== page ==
To ECDA Fellow Dr Jacqueline Chung, early childhood educators can nurture young children’s love for the Arts not only through creating art but also through viewing and appreciation of art. An avid fan of the Arts herself, Dr Chung works closely with early childhood leaders through the Inquiry-Based Action Plan (IBAP) project to equip them with the necessary knowledge and skills to facilitate young children’s learning through art viewing.
For Dr Jacqueline Chung, ECDA Fellow and
Senior Principal and Academic Director at St James’ Church Kindergarten, the Arts has always held a dear place in her heart. From a young age, she has been immersed in various forms of the Arts, from literature to music, dance, drama and the visual arts. This passion led her to focus on the Visual Arts in early childhood education for her PhD thesis. According to Dr Chung, art education in early childhood comprises 3 components – creating art, viewing art and talking about art. Through her PhD research, she realised that most preschools provide children with opportunities to create art but seldom provide opportunities for art viewing, which engages them in conversations about art pieces.
“I surveyed about 170 preschools in Singapore and there were hardly any art viewing components in their art curriculum,” shared Dr Chung. “Following that, I found out that educators are quite comfortable conducting art making activities, but they are not comfortable with incorporating the art viewing component because they felt that they did not have a background or understanding in art, be it art history or art appreciation. The educators generally felt that they had to be experts in those areas before they could attempt to show their children a piece of artwork.”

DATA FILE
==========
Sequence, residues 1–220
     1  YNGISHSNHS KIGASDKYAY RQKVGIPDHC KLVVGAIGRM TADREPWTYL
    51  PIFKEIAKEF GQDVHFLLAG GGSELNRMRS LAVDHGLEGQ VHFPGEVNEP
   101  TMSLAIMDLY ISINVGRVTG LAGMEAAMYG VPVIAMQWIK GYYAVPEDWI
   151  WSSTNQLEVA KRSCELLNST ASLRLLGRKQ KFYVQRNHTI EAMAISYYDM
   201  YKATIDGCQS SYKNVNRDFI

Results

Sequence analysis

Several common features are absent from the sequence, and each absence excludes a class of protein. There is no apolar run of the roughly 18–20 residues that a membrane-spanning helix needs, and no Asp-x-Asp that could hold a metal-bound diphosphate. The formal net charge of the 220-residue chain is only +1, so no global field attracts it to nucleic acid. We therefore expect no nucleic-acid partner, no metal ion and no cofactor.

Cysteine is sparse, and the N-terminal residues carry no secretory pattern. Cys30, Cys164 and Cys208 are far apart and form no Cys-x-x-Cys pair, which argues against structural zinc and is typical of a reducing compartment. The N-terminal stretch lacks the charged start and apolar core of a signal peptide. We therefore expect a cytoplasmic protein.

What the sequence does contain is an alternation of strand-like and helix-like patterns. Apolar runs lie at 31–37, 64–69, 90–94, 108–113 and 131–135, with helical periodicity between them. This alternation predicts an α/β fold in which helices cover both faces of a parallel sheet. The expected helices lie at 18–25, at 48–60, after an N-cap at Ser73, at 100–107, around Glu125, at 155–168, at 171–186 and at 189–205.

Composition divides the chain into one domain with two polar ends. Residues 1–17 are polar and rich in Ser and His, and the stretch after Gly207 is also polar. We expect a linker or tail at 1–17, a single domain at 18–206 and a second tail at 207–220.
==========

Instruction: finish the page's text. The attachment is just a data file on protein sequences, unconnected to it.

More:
This finding was of concern to Dr Chung. If early childhood educators are uncomfortable with conducting art viewing sessions in their classrooms, the children will not get the exposure they need. Meaningful exposure from a young age is important for children to develop an appreciation and love for the Arts. Early childhood educators do not need to be trained artists. They need to be empowered with necessary techniques to facilitate the children’s conversations about art.